Leibniz gave a second set of organizing principles, based on the infinitesimal calculus of Cavalieri. Cavalieri was Galileo's contemporary in Itali, and he either revived or rediscovered the ideas originally due to Archimedes in "The Method of Mechanical Theorems" (although he might not have had access to this work, which was only definitively rediscovered in the early 20th century. One of the theorems in Archimedes reappear in Kepler's work, suggesting that perhaps the Method was available to these people in an obscure copy in some library, and only became lost at a later date. This is pure speculation on my part. Kepler might have formulated and solved the problem independently of Archimedes. It is hard to tell. The problem is the volume of a cylinder cut off by a prism, related to the problem of two cylinders intersecting at right angles). Cavalieri and Kepler hardly surpassed Archimedes, while Newton went far beyond. Leibniz gave the theory its modern form, and all the formalism of integrals, differentials, product rule, chain rule, and so on are all due to Leibniz and his infinitesimals. Leibniz was also one of the discoverers of the conservation of mechanical energy, although Huygens has his paws on it too, and I don't know the dates.

The mathematicians' early modern history is no better. Again, Newton and Leibniz are given credit for theorems they did not produce, and which were common knowledge.

This type of falsified history sometimes happens today, although the internet makes honest accounting easier. Generally, Witten gets credit for everything, whether he deserves it or not. The social phenomenon was codified by Mermin, who called it "The Matthew principle", from the biblical quote "To those that have, much will be given, and to those that have not, even the little they have will be taken away." The urge to simplify relentlessly reassigns credit to well known figures, taking credit away from lesser known figures.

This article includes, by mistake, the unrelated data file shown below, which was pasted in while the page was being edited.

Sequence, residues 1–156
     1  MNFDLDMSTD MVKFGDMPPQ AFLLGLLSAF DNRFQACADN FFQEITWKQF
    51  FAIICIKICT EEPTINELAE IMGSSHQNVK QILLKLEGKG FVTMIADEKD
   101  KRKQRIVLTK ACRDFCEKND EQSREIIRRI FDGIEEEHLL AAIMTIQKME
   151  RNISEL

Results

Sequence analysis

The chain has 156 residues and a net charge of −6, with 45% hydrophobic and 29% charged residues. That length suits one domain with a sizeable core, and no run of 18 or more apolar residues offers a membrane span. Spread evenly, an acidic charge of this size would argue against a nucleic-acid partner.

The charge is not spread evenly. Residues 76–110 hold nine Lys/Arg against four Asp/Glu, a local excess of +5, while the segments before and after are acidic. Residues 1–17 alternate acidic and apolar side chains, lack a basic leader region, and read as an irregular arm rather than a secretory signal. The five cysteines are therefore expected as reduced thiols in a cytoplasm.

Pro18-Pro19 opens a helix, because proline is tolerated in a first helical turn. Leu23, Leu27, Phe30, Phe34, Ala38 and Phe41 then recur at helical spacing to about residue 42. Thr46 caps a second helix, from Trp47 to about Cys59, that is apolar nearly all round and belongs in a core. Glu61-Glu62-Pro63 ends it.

The way to fight this is to simply cite correctly. This is important, because the mechanism of progress is not apparent from seeing the soup, you have to see how the soup was cooked. Future generations deserve to get the recipe, so that we won't be the only ones who can make soup.

Well, you are mixing things in your question, you say:

. I'm just curious to know the proper historical development of this non-trivial fact of reality

This is historical:

The Nobel Prize in Physics 1921 was awarded to Albert Einstein "for his services to Theoretical Physics, and especially for his discovery of the law of the photoelectric effect".

No semiclassical explanations at the time , because the link you give is not historical, it is decades after the detection of the photoelectric effect and its interpretation as the photon being a discrete particle.

You yourself give the historic path.

Now there is a solid quantum mechanical theory called the standard model of particle physics, where the photon has its niche as a point particle on par with electrons and neutrons in the Lagrangian .

This model has been validated by innumerable data, and the chase for physics beyond the standard model goes into making photons into string excitations, not continuous classical electromagnetic waves.

Now wavepackets, that your first reference states, are necessary in the Quantum Field Theory of describing nature, which works with quantum "events" in effect. So I do not see anything revolutionary:

Do we count indivisible photons or discrete quantum events experienced by detectors?

One could ask this for all elementary particles, and certainly they are quantum entities, not classical particles .

Certainly there are hundreds of other historically important papers that are going under the rug here

Do you have any links? I do not think they exist, which is the reason Einstein got his Nobel.

In conclusion, any semiclassical arguments have to face all the bulk of data of the self consistent current model that describes particle data, i.e. embed them in the new format, because these are data too , in addition to the photon being an elementary particle.

## Best Answer

The relationship $E = h f$ was proposed by Max Plank in 1899 or 1900 as a way to "fix" a major problem in the existing understanding of the how light was emitted by hot bodies (the so called "ultraviolet catastrophe"). The conventional story holds that Plank did not consider this as fundamental.

^{1}Later Albert Einstein took the idea as a way to explain the photo-electric effect in 1905, bringing the principle that light energy actually

camein discrete chucks to the forefront. This work was among that cited by the committee in awarding Einstien's Nobel prize.The discovery of Compton Scattering in 1923 gave the "photon" a firm place in modern physics.

Quantum field theories eventual came to explain the photon as an excitation of the electromagnetic field.

^{1}I can't say if that is true or not, but it is the way the Lore goes.